Whitehawk Revive Their Brighton City Aspirations
The upward ascent of Whitehawk Football Club has been one of the great curiosities of football on the south coast of England over the last five years or so. As recently as 2009, the club was in the lower reaches of the Sussex County League Division One, just another of a morass of football clubs who straddle the divide between being semi-professional and amateur, scratching by an existence on crowds that could seldom be counted in more than dozens, never likely to do any harm, never likely to cause any great shakes. It’s a familiar enough story near the bottom of the pyramid, where ambition is more often than not tempered by the tough realities of running a football club on a shoestring budget.
This club, however, turned out to be different. With wealthy backers, Whitehawk’s ascent would have received considerably more coverage had it happened any higher up the English league system. The Sussex County League was won in 2010, and this was followed by two successive league titles, the Ryman League Division One South and Premier Divisions, in 2012 and 2013, and last season the club reached the play-offs in the National League South. This season has already seen the club reach the Second Round of the FA Cup, only narrowly missing out on a trip to Goodison Park to play Everton after a home defeat against Dagenham & Redbridge in front of the television cameras of BT Sport, while, at the time of writing, the club is in eight place in the National League South. Promotion to the Football League could in theory be just two promotions away.
Over the last few weeks, however, an old story which threatens to send the club’s identity into the great unknown has resurfaced. As the 2012/13 season drew to a close, the club announced its intention to change its name to “Brighton City”, but following an objection from Brighton & Hove Albion, an FA rule change made it impossible for the club to press ahead with this change and the story, thought most, was quietly put to rest. This season, though, the plan has resurfaced, with the club’s chairman John Summers going into some detail in a recent interview with the Brighton Argus over the reasons why he considers this so important.
We have assessed that we are held back by the name. We are in this position now simply because we have financed the growth since 2007. If Ned (McDonnell – Summers’ co-investor in the club) or I decided we wanted to retire tomorrow – I’m not saying we are – we have got to be thinking where are we leaving the club from where we got it.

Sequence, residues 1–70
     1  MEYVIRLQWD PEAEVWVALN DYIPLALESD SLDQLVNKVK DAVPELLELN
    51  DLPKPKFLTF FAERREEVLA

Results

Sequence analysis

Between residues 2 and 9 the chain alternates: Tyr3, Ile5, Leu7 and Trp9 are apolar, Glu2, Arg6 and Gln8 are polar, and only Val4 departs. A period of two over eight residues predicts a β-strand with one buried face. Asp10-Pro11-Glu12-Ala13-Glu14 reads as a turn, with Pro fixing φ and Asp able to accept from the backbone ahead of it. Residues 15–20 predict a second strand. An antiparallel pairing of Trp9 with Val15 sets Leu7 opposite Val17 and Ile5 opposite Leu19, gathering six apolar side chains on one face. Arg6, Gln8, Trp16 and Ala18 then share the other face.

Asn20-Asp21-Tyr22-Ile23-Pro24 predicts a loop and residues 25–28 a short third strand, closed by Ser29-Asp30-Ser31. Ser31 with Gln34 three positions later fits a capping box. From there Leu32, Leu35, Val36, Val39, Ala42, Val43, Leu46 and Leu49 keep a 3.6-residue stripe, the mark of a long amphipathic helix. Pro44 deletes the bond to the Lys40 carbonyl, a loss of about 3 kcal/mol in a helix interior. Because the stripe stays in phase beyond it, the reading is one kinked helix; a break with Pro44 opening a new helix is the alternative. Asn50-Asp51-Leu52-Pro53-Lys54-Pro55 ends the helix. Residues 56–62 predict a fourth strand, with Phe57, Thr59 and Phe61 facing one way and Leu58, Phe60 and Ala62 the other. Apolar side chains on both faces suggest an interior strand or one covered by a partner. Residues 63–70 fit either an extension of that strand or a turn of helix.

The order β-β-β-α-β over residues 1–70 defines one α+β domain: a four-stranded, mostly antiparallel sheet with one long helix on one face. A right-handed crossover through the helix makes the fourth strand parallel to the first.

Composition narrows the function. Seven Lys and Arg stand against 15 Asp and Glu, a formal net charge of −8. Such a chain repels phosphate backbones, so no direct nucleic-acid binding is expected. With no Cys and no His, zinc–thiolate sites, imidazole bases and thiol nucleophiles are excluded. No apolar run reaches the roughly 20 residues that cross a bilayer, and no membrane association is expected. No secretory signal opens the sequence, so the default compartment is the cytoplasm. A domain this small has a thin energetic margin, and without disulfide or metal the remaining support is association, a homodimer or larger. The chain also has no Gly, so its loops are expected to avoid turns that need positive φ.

We want to be able to say we have done everything we can to make the club sustainable and if we do retire we can say that we have more people coming through the gate, the club has growth potential, it can grow organically, the fans are enjoying themselves and can feel happy about the way the club is growing.
At the moment, we have heard a few fans say ‘Let’s see where Whitehawk takes us’ but what has taken the club from the County League to here is a lot of investment, a lot of time and effort, a lot of volunteers doing a lot of work. That is really not sustainable. It is sustainable all the time we are here. We want to make it sustainable when we are not here. The name change is fundamental to that.
The eagle-eyed amongst you will probably have spotted that Summers’ explanation of why there is such a burning need for the club to change its name isn’t particularly weighed down by detail. Whilst the buzzwords du jour – “sustainable”, “grow organically” – are all present and correct, there isn’t a great deal of explanation as to why it should be that this should be so important. Indeed, the cynics amongst us might even consider that changing the name of a football club is the very opposite of “growing organically.” Changing the name of the club is a rebranding exercise, and there’s very little organic about marketing exercises. That said, however, there may be something a little unsavoury over the way that not only Brighton & Hove Albion but even at least one individual within the Football Association itself may have acted in respect to this story. Speaking to the Guardian on the eve of their FA Cup match against Dagenham & Redbridge about the name change, Summers stated that:
We were contacted by a particular member of the FA. When he heard of our plans to change our name, when we were promoted to the Conference, he gave us a right telling-off, shouting down the phone at us. Within a very short period of time, the FA changed the rules and this particular individual was prominent in changing them, to make our application impossible to approve. They unanimously objected.